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Working Mother Selects General Mills as a Best Company for Multicultural Women for Fifth Consecutive Year


General Mills is one of five companies that top the list

Working Mother magazine today announced General Mills as one of the 2008 Best Companies for Multicultural Women for the fifth consecutive year.

“It’s an honor to be consistently recognized by Working Mother for our commitment to recruiting, retaining and advancing women of color,” said Kelly Baker, vice president of corporate diversity for General Mills. “We find that assembling, developing and listening to diverse teams leads to better innovation, insights and products for our consumers around the world.”

Profiled in the June issue of Working Mother magazine, General Mills is recognized for offering comprehensive resources for multicultural women.

“We salute the 2008 Best Companies for Multicultural Women for leading by example and providing corporate America with a new benchmark for diversity and inclusion,” said Carol Evans, CEO, Working Mother Media. “Just as our nation has made history with this year’s presidential primaries, we challenge corporate America to pay attention to issues of race and gender, and to benchmark their own work against our winners.”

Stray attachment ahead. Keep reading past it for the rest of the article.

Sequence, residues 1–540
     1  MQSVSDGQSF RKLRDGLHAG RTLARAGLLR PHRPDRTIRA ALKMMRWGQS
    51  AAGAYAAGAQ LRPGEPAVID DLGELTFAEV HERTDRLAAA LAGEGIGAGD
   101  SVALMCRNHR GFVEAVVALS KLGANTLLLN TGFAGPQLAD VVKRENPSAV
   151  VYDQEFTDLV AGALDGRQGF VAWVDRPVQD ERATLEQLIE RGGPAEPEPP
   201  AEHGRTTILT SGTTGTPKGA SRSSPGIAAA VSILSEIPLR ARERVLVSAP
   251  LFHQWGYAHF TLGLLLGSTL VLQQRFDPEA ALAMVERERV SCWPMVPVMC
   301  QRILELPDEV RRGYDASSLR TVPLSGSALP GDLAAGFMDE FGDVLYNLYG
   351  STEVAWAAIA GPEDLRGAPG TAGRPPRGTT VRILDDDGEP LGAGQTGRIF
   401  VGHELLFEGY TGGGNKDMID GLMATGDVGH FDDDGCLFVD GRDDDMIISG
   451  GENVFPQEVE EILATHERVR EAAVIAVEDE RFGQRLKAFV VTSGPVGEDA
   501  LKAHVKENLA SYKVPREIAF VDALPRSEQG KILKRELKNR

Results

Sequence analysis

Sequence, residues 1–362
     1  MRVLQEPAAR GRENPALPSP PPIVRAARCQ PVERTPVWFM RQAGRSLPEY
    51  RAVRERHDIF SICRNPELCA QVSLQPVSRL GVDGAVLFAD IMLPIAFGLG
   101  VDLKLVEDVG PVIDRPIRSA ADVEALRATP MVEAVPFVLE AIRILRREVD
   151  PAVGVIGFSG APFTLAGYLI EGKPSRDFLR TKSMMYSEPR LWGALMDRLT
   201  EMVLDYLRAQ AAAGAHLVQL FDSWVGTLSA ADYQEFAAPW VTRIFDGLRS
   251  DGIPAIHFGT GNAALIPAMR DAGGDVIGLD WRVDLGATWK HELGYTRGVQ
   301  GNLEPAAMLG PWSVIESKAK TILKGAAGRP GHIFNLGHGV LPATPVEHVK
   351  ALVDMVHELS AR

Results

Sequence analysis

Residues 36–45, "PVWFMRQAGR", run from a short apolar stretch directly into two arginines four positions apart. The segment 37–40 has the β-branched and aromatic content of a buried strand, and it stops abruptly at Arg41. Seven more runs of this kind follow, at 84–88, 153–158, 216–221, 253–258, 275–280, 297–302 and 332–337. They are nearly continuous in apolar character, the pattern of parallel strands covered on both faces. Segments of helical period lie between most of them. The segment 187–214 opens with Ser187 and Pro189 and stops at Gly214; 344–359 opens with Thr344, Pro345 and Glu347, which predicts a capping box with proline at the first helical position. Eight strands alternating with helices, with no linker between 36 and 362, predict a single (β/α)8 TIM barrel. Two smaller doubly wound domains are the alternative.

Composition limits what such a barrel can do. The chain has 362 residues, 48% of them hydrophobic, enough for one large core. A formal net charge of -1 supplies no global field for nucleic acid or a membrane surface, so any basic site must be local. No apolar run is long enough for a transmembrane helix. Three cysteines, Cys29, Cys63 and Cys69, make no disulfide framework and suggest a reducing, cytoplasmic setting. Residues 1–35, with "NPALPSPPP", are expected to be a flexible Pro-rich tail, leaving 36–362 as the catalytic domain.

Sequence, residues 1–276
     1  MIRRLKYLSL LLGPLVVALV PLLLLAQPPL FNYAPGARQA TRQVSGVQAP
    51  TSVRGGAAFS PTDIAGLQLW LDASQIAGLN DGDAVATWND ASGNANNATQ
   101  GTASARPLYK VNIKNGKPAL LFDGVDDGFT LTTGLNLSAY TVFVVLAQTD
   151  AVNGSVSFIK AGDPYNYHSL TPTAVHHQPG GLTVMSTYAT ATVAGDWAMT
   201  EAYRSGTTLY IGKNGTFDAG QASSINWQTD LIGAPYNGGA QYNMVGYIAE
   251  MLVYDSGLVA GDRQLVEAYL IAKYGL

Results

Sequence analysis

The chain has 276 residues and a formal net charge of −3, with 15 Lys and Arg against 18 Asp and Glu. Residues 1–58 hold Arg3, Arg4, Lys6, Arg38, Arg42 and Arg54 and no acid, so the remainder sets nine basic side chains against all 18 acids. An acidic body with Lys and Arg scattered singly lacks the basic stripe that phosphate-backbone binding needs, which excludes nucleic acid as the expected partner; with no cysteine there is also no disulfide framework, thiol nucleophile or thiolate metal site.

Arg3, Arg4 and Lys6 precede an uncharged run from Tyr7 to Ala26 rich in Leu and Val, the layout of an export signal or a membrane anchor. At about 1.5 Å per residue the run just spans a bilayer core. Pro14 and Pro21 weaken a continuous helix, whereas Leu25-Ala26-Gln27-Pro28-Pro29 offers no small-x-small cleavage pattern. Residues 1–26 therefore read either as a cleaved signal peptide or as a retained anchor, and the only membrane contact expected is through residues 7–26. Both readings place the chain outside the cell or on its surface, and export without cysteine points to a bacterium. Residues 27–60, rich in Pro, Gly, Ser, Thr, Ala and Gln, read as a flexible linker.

Specifically, General Mills was applauded by Working Mother for its leadership support of inclusiveness and mentoring resources at work. The company’s seven employee networks provide multicultural women with a forum for identifying resources, sharing experiences and networking with other multicultural women throughout the company.

The complete 2008 Best Companies for Multicultural Women special report — including profiles of the winning companies and stories on diversity in corporate America — appears in the June issue of Working Mother, now available on newsstands.

The 2008 Working Mother Best Companies for Multicultural Women were selected through a detailed application process that covers a wide variety of questions about a company’s work force (such as number of women of color in top positions); culture (programs for women of color); external programs (diversity activities); and work/life programs (child care, elder care). This year the most weight was given to questions involving the representation, recruitment and retention of women of color.


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